The CEO of the FTX crypto exchange, Sam Bankman-Fried, also gave a similar take when he said that his firm forbids its workers from trading tokens that will be listed. Apart from Binance’s spokesperson’s official statements, Binance’s CEO, Changpeng Zhao, has had to dispel the report on his own.
In his response, CZ said that Binance has a zero-tolerance policy on the behavior in question and that it adheres to the highest standards. He also provided a whistleblower email address (firstname.lastname@example.org) so that anyone could report any suspicious trading activity at the exchange.
According to CZ, Binance avoids revealing listing plans for coins even to their own teams to prevent insider trading incidents. However, he conceded that preventing the disclosure of listing schedules is not feasible. He gave the example of when Binance requests technical assistance from the team.
According to CEO Owen Rapaport of Argus, internal compliance procedures in cryptocurrency may be jeopardized by a lack of clear regulatory guidelines, the libertarian mindset of many who work in the industry, and the absence of institutionalized norms against insider trading in crypto when compared to traditional finance.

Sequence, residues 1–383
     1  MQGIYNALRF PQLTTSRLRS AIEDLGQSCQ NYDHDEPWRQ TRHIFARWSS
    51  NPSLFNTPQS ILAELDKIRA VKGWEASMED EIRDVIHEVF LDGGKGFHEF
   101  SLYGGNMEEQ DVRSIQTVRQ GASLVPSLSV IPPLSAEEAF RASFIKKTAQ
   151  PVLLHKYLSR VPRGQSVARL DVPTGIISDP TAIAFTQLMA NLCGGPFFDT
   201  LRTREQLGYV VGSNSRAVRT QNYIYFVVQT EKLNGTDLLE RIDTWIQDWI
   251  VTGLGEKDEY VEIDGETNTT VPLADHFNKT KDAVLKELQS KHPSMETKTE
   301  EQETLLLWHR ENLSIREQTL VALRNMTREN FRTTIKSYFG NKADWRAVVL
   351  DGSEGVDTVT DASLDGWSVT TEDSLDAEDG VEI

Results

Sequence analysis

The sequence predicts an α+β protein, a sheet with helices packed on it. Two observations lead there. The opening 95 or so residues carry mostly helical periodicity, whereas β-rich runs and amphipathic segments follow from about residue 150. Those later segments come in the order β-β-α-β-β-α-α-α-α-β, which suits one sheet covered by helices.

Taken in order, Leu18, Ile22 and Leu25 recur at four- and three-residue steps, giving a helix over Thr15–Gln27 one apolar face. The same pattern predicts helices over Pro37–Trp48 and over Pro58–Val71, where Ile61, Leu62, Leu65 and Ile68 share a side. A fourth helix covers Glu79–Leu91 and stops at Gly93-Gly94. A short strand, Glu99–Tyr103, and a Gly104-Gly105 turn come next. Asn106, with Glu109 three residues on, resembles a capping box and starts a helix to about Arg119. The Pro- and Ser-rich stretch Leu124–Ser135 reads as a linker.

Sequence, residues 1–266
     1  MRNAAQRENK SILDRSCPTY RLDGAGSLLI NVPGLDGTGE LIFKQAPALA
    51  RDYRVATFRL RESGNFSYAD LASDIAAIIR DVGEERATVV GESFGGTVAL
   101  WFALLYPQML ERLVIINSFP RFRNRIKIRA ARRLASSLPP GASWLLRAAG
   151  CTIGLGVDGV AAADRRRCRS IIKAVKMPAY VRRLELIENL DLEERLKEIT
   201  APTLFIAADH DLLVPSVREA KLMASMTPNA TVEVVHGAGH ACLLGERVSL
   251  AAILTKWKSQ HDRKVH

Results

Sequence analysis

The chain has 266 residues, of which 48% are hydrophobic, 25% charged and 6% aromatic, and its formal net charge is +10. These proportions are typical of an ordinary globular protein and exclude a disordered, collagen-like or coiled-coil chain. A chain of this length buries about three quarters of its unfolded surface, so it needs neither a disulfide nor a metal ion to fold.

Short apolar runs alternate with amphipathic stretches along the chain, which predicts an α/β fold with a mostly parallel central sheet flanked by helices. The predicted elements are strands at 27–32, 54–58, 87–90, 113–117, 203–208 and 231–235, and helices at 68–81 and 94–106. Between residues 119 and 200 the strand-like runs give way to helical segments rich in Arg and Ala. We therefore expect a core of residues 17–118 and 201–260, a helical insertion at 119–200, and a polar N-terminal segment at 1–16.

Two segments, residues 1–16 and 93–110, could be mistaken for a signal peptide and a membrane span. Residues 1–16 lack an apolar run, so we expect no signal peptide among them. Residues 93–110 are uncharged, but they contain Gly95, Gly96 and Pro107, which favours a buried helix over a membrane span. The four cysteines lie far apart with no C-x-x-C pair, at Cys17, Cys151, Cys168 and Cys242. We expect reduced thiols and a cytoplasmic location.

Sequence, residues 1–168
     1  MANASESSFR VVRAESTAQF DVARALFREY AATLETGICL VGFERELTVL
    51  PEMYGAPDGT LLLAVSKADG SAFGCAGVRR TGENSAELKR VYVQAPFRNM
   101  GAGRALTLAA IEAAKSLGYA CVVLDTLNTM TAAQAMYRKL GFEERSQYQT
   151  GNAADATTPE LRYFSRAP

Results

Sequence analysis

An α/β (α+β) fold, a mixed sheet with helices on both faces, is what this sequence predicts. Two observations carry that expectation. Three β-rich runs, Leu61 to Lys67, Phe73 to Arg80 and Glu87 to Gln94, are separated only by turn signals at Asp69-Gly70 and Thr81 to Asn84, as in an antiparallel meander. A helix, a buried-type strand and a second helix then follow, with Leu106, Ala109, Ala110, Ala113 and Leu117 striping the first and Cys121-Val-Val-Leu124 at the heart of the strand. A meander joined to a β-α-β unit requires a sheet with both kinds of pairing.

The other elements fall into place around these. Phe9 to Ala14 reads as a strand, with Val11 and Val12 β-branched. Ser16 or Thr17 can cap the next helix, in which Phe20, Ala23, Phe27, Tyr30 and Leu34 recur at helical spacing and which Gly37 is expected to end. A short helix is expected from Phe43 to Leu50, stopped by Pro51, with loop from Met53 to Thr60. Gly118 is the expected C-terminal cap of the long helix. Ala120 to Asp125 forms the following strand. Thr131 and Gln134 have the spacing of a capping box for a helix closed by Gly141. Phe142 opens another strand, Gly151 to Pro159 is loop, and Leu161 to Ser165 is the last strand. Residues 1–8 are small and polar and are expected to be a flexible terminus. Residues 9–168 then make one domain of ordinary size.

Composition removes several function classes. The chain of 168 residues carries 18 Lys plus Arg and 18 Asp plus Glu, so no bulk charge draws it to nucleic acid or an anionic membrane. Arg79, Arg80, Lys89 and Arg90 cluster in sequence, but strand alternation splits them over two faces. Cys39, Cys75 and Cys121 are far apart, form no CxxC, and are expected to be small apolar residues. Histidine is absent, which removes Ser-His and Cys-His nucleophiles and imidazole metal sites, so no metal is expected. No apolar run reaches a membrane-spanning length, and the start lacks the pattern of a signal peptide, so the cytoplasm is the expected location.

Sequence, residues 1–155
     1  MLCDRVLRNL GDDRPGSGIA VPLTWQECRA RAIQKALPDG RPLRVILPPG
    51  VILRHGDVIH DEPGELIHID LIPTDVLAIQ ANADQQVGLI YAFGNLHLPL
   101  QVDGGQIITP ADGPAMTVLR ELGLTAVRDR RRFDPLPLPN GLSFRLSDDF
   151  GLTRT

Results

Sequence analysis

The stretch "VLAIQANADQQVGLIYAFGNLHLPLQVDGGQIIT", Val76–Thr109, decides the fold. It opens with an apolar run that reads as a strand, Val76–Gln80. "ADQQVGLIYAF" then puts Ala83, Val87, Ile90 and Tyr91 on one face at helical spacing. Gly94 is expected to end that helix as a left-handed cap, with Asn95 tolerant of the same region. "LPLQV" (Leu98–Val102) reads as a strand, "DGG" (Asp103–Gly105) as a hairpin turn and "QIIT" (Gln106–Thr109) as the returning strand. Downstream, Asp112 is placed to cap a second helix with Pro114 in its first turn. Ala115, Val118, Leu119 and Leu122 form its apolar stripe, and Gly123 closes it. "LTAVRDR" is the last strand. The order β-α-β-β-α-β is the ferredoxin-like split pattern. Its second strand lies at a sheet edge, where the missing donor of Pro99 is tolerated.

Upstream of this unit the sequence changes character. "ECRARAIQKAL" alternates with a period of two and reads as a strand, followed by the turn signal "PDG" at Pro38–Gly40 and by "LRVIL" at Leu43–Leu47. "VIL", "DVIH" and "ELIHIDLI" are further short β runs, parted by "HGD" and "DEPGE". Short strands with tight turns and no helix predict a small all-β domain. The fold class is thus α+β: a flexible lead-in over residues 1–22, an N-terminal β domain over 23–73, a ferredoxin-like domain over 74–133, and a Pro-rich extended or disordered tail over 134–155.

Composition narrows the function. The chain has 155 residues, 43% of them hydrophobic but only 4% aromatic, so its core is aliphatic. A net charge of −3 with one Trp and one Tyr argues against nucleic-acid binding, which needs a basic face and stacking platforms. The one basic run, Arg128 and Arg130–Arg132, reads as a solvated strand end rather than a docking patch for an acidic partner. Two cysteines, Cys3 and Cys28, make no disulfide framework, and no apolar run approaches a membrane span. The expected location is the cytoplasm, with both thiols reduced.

Firms have real challenges with making sure the code of ethics against insider trading—which almost every firm has—is actually followed rather than being an inert piece of paper.Mr. Rapaport.
Insider trading laws prohibit investors from profiting on nonpublic information that they get through their positions in stocks or commodities, such as knowledge of a forthcoming listing or merger offer.
According to certain attorneys, government entities may utilize existing criminal laws and other rules to prosecute individuals trading cryptocurrencies with sensitive information. Others in the cryptocurrency sector, on the other hand, argue that a lack of case precedent specific to insider trading has created uncertainty about whether and how regulators will react in the future.